If history is repeating itself, what are we to do as Christians? Are we to stand by and watch the world spiral into chaos?
No! Let us remember the words of Jesus, “And then many will be offended, will betray one another, and will hate one another. Then many false prophets will rise up and deceive many. And because lawlessness will abound, the love of many will grow cold. But he who endures to the end shall be saved. And this gospel of the kingdom will be preached in all the world as a witness to all the nations and then the end will come” (Matthew 24:10-14).
Did you catch that? The “love” of many will grow cold. Friends, it is the love of God—seen in the Scriptures, experienced in our hearts, and played out in our lives—that will enable us to endure to the end.
Regardless of the hate, the betrayal, the lawlessness that has surrounded us in 2020, we are called to love. The gospel must be preached for it is the good news of God’s love for fallen man. This is our only mission. We must not allow the light to go out. Darkness cannot cover the face of the earth. We must let the light of Christ’s love shine so bright within us that others will be drawn to it.
The world is being thrown into chaos because of the seeds of dissension that Satan has sown. We must not allow the pattern of divisiveness that tore France apart and is tearing America apart now, to be mimicked within the body of Christ, for “every kingdom divided against itself is laid waste and a divided household falls” (Luke 11:17). Let us be “eager to maintain the unity of the Spirit in the bond of peace” (Ephesians 4:3) so that we can complete our God-given task.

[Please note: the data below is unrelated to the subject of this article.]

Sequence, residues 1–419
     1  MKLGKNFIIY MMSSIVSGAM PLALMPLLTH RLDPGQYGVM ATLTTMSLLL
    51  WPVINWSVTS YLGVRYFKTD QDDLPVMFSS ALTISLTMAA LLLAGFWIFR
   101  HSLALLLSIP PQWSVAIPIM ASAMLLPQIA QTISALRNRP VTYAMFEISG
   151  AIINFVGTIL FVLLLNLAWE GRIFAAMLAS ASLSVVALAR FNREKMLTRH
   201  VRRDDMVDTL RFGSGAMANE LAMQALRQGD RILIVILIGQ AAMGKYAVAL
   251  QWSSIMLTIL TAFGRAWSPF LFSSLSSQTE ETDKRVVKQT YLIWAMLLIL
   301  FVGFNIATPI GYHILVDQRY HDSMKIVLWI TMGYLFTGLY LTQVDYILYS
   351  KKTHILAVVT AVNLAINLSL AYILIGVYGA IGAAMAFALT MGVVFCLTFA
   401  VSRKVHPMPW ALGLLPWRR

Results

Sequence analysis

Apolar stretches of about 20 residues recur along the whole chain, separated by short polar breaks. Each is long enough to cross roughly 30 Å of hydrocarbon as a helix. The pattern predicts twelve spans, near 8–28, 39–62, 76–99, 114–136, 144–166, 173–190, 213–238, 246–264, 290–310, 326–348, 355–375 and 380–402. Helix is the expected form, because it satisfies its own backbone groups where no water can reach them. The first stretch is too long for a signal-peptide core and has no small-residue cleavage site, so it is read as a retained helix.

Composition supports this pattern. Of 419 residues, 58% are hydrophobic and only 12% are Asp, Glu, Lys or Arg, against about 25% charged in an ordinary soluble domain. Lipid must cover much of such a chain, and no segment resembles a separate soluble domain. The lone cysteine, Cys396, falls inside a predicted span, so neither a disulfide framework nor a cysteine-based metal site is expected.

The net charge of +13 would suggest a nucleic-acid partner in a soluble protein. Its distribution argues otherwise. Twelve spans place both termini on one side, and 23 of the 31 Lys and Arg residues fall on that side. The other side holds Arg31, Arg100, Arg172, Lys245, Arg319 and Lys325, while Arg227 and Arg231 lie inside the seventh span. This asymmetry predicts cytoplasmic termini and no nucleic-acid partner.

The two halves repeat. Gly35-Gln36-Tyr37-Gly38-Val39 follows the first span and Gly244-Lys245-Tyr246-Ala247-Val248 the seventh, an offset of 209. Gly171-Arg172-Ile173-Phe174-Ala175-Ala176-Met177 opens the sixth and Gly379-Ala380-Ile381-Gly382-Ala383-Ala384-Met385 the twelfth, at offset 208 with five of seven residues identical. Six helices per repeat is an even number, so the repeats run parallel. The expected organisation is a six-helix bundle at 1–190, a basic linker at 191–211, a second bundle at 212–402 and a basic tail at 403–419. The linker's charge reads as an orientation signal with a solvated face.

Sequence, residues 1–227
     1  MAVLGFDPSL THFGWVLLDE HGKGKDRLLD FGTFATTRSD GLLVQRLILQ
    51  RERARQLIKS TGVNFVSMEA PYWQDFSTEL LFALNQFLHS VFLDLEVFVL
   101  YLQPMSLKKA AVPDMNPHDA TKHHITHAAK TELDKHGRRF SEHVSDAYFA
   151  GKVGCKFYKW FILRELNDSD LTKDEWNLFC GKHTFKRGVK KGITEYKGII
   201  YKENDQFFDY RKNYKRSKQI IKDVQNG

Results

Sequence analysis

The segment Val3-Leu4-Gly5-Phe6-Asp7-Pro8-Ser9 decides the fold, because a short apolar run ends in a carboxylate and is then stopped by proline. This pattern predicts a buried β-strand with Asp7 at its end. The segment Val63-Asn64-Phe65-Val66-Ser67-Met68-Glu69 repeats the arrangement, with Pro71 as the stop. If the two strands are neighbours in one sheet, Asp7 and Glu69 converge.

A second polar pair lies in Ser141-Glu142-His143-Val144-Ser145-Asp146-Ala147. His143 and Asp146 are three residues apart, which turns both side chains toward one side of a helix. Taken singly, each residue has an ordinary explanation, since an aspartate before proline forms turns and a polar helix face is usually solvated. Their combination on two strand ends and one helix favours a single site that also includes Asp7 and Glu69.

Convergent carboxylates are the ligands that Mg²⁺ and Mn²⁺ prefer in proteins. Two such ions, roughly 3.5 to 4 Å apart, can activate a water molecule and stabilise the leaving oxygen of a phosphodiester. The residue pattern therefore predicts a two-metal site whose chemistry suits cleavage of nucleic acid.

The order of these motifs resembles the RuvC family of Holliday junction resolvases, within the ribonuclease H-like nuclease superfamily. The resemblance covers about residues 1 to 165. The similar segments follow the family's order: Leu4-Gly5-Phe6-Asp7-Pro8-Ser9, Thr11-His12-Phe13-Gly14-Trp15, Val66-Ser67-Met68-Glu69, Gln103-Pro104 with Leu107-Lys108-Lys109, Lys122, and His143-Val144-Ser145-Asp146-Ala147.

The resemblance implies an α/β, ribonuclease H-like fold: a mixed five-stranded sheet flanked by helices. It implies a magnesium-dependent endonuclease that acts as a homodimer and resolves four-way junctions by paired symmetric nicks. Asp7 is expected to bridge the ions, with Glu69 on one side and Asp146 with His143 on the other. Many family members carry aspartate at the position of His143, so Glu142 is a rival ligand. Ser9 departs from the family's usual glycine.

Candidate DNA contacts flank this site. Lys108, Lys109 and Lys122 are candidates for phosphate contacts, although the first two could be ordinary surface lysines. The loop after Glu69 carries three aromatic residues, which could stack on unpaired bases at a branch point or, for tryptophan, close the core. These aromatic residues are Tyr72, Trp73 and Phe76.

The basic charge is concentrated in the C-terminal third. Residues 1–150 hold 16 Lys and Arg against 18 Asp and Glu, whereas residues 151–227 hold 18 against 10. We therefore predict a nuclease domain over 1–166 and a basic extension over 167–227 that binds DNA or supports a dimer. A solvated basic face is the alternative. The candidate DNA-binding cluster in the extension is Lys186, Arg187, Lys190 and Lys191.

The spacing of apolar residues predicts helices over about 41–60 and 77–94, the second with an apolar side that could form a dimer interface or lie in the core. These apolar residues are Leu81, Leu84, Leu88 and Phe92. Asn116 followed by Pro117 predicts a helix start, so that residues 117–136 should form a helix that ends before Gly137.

The Bible accurately predicted the events of the French Revolution (see Q&A on the Two Witnesses of Revelation 11). The Bible has prophesied that this world will come to an end, and that no kingdom on earth will stand against the kingdom that Christ will establish. Jesus is coming soon. Yet the light of the gospel must be preached to nation, city and town before we will see Him. Are you doing your part to share God’s good news with everyone around you?
Let us not be discouraged by the darkness that fills the hearts of humanity. The light of God’s love will shine supreme in this world very soon.